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Prime Numbers

One of the fascinations of mathematics is the discovery of patterns. One of the simplest patterns to discover is that of prime numbers. Prime numbers begin with 2. Starting at 2 is, in itself, a problem since it usually occurs to people that the first prime number is 1. Why is 2 the first prime number?

• Suggested reason:

Look at the numbers 1,2,3,... These are called the Counting Numbers (we use them to do our counting of sheep and things like that).

A definition of prime numbers:

• A prime number is the first number of a list of multiples.

(For example, 5 is the first number of the list 5, 10, 15, 20, ...)

• The prime numbers are all of these 'first' numbers on lists which still remain when previous lists have been removed from the Counting Numbers.

Argument: Suppose that 1 was allowed to be the first number of a list of multiples of 1. The list would be as follows: 1,2,3,4,...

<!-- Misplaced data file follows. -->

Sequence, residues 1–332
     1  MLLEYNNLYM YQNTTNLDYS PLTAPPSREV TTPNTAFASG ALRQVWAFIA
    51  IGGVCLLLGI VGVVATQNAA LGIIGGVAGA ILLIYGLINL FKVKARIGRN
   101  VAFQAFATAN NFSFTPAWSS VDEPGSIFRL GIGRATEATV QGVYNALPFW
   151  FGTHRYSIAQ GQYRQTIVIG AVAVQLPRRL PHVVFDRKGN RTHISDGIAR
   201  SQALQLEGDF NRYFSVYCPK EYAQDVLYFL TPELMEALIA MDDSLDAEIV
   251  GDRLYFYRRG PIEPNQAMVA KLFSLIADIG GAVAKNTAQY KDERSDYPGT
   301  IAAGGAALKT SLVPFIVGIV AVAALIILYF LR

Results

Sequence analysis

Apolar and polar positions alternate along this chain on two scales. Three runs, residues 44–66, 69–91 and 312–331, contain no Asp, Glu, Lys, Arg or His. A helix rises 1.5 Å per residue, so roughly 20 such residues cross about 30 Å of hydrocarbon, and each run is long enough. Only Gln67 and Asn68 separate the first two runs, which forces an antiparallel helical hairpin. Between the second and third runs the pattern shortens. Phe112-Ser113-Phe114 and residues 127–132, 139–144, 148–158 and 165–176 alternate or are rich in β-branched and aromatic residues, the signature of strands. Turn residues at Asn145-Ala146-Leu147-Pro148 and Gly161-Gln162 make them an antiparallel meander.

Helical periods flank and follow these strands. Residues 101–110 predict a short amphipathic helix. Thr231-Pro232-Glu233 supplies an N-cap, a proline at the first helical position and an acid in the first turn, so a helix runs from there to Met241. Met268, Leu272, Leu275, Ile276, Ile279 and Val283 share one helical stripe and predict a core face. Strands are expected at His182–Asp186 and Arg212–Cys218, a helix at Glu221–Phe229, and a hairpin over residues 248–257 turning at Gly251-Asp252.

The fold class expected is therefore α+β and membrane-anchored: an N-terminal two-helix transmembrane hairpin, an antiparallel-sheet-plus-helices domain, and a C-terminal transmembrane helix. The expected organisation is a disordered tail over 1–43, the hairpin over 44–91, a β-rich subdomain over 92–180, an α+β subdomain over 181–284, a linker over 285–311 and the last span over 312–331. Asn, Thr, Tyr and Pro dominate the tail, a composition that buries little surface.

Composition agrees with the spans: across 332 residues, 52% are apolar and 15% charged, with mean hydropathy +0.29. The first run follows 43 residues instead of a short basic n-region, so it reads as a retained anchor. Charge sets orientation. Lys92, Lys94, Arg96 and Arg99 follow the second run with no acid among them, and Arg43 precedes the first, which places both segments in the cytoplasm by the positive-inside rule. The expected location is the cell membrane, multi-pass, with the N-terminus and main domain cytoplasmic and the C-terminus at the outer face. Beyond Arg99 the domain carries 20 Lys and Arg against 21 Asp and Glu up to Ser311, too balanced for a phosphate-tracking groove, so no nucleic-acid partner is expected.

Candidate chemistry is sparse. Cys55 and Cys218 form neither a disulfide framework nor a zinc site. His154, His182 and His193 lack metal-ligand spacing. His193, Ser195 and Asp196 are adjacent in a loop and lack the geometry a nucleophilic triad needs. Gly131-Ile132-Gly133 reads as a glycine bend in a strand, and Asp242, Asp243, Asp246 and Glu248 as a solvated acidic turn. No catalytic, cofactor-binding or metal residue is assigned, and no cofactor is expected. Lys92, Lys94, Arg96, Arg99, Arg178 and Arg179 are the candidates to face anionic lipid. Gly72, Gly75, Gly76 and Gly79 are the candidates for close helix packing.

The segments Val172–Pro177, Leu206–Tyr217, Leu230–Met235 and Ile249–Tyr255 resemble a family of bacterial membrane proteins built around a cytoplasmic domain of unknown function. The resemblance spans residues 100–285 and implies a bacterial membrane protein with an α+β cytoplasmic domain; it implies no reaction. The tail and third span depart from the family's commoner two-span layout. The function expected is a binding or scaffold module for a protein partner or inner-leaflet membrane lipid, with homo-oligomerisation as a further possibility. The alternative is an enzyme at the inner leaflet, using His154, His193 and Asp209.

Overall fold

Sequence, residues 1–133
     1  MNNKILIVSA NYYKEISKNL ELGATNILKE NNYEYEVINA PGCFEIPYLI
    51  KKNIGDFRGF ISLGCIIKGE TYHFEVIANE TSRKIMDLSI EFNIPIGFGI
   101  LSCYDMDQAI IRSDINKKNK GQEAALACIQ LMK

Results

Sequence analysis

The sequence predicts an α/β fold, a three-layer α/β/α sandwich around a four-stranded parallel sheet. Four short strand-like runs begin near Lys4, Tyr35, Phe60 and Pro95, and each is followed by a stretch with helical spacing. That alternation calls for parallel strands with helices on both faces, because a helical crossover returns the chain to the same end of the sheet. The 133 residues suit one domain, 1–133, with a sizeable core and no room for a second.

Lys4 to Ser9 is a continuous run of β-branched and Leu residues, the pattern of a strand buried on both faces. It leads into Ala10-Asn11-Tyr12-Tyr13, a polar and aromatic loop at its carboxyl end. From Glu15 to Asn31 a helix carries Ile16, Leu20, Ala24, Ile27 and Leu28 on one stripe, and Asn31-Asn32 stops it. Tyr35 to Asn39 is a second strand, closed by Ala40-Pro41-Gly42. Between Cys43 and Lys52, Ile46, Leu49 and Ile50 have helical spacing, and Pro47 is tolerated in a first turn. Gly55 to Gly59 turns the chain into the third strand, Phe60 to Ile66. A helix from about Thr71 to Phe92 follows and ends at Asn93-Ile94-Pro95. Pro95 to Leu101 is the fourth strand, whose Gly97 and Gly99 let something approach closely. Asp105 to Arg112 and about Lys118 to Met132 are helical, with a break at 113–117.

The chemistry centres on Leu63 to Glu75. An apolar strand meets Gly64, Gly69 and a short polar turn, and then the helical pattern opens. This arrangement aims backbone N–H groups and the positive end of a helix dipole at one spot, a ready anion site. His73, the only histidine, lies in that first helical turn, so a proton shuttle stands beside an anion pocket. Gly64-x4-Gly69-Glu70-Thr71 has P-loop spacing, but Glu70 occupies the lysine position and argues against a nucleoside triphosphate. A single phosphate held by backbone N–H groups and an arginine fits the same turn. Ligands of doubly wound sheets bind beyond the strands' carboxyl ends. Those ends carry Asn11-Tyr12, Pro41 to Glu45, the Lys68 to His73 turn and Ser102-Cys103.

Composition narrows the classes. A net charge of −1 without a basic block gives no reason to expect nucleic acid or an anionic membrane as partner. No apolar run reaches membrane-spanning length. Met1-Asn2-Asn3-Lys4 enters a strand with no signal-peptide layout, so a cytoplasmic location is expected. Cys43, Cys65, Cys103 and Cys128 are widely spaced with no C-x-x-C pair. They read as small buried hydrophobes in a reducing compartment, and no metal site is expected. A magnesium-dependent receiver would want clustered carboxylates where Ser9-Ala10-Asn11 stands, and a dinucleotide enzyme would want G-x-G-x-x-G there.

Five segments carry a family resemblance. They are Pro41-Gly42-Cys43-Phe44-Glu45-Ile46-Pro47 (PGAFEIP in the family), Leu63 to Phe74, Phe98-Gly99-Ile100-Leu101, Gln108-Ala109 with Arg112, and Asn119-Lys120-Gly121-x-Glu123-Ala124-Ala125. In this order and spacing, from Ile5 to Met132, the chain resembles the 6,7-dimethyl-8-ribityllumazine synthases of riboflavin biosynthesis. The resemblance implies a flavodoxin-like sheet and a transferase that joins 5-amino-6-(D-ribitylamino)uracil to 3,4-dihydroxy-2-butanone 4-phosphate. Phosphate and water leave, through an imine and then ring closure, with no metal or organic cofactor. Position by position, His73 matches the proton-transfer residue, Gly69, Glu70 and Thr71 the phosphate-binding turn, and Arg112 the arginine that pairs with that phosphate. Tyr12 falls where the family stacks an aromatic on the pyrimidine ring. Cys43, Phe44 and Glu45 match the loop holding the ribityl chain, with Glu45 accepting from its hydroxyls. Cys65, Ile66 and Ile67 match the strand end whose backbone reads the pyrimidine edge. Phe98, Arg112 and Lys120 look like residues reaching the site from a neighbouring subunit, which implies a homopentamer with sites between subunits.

In this case there would be only one prime number, the number 1. There could be no other lists since the multiples of 1 contain all other numbers and this list is removed from the Counting Numbers.

So, if we want to have more than one prime number it is not a good idea to have 1 as a prime number using this meaning of 'prime'.

It has been agreed by mathematicians (don't ask me where!) that 1 is not a prime number.

Some lists of multiples:

2, 4, 6, 8, 10, ...

3, 6, 9, 12, 15, ...

5, 10, 15, 20, ...

7, 14, 21, 28, ...

The prime number list begins as follows: 2, 3, 5, 7, 11, 13, 17, 19, 23, 29, 31, 37, 41, 43, 47, 53, 59, 61, 67, 71, 73, 79, 83, 89, 97, 101, 103, 107, 109, 113, 127, ...

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